Learning how to use the Johari Window to activate and align your subconscious self with your goals. The Johari window model also teaches you how to check your blindspot in life through objective feedback and grow by incorporating the feedback you receive.
You are made up of your conscious and subconscious minds. Using the Johari Window helps you recognize that your conscious mind is what you are aware of, whereas your subconscious mind—or unconscious mind—is what drives behaviors you weren’t even aware of. However, it is the most potent because the subconscious motivates your conscious actions. As a result, you must cooperate with the subconscious if you want to secure your future.
What is the Johari Window? How does it help?
The Johari window model was developed by Joseph Luft and Harrington Ingham to describe the conscious and unconscious mind. The model establishes four windows to explain the two sides of the conscious and subconscious mind for self-awareness and self-communication. The windows include public, private, unknown, and blind windows. The public and private windows are conscious biases in our lives, while the remaining two are dedicated to the subconscious.
Here is a quick overview to help you understand the windows.
- The information in the public or open window is KNOWN to you and others.
- The private or hidden window contains information that is known to you but unknown to others.
- The unknown window contains information that is UNKNOWN to you and others. This window is not relevant.
- The blind self, or blindspot, is the information that is KNOWN to others but UNKNOWN to you.
However, the most important of all these windows – the one that can alter how your 2023 will go is the blind window – or rather, the blind spot.
What is a blindspot?
It’s important to know how to check your blindspot. Your future self depends on who you are and how much you have achieved based on your judgment. Given that you can only judge yourself based on your efforts and not your performance, giving yourself so much credit is easy.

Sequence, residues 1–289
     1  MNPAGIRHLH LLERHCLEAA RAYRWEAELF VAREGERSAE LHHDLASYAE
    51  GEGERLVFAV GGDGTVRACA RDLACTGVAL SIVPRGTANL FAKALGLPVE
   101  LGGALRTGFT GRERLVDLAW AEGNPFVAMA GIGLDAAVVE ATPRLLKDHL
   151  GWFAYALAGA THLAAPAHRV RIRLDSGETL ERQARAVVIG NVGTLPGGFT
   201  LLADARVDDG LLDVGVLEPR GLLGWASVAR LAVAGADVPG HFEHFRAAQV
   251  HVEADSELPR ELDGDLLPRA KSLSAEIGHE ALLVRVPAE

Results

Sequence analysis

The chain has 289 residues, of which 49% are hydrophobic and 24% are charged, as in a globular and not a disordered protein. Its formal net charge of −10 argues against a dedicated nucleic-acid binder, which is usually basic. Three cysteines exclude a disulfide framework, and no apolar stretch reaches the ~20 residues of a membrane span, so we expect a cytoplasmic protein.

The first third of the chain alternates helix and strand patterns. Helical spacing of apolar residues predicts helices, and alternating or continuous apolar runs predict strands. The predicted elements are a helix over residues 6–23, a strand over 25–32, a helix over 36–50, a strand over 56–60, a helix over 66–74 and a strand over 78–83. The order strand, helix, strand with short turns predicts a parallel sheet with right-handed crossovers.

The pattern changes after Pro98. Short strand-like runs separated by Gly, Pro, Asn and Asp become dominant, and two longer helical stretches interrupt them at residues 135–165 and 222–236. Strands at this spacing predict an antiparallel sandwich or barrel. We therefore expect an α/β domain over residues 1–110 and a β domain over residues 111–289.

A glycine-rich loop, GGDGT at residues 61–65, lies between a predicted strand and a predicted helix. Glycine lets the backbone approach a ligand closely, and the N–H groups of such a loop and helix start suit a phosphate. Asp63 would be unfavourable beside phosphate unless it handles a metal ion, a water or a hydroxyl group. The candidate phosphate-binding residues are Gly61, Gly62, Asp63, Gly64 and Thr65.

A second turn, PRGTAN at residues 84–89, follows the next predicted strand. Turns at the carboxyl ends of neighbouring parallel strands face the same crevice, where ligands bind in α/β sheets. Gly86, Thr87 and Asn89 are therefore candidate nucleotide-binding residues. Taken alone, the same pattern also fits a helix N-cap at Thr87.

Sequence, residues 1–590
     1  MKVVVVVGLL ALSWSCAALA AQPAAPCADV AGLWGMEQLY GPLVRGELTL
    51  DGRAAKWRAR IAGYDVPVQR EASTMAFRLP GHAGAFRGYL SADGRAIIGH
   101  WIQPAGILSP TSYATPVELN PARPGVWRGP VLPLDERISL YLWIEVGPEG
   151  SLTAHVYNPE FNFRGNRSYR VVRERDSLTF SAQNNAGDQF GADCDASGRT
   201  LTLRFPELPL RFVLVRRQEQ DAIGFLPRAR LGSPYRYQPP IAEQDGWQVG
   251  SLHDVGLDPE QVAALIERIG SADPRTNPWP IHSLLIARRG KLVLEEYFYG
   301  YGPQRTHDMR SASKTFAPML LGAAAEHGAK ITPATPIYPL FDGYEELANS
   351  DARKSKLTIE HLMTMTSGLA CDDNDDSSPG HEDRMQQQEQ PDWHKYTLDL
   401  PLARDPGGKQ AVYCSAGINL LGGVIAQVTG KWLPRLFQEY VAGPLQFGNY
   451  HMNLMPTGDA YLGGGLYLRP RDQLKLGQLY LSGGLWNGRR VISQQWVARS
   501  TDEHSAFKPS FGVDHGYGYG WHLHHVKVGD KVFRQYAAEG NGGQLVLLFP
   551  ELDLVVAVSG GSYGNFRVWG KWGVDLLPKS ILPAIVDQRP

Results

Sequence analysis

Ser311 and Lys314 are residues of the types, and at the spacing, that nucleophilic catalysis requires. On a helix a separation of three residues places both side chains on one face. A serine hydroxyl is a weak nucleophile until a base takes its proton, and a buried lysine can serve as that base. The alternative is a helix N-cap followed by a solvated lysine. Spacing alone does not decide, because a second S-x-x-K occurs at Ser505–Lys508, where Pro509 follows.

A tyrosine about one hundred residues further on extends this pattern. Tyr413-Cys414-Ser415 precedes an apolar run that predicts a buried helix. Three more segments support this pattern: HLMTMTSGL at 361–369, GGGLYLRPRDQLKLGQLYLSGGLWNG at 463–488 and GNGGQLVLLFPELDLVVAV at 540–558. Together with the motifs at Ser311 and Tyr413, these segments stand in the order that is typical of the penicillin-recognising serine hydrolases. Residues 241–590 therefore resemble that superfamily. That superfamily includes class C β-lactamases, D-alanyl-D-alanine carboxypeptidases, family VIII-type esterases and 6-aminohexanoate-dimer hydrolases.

As a result, even if you have yet to accomplish much, it would be hard to admit it, given the effort and time you’ve put in. To fully educate yourself about some aspects of yourself, you must delve into what is already known to others but you aren’t aware of yet, aka the blind spot.
How to check your blindspot window: Seek Feedback
Though there are other factors, feedback is often underestimated. It would help if you asked for feedback because that is the only way to know what is unknown to you and known to others. People are watching, and if you give them the opportunity to speak, you will most likely remain in the blind spot and not improve.
Ask people what they think of your growth or a project you just completed. Remember that feedback is challenging to give, receive, or apply. But feedback will come when you open up a situation where people can be open to you.
How to receive feedback in a constructive manner:
- Don’t take offense. Look for the applicable parts of the feedback and throw the rest away.
- Only select people from whom you wish to receive feedback. Open your arms to all, but remember to filter out the ones that are useful to you.
- Be careful of those who only have positive things to say. While this is good for you, it can sometimes prevent you from receiving good things.
Takeaway: Using the Johari Window to secure your future
You are your most valuable asset. “You” are also counting on yourself. Pay attention to who you are letting pour into you. If you don’t know yourself, some people can pour things into you that you don’t need.
Receive feedback from anyone willing to give it to you. Take what you are prepared to apply. Only some feedback is relevant, especially if they don’t know you or have yet to work with you. Feedback is a gift, but you can only apply some of it. Give feedback, too; it could allow someone else to open up to you.
We live in a “validation” culture where both grown-ups and millennials are fascinated with seeking validation on social media. While it’s important for us to receive objective feedback, be careful not to seek validation and focus on what you are saying about yourself. Sometimes, the only approval you need is your own. Don’t put too much value on other people’s opinions. Be popular with yourself.
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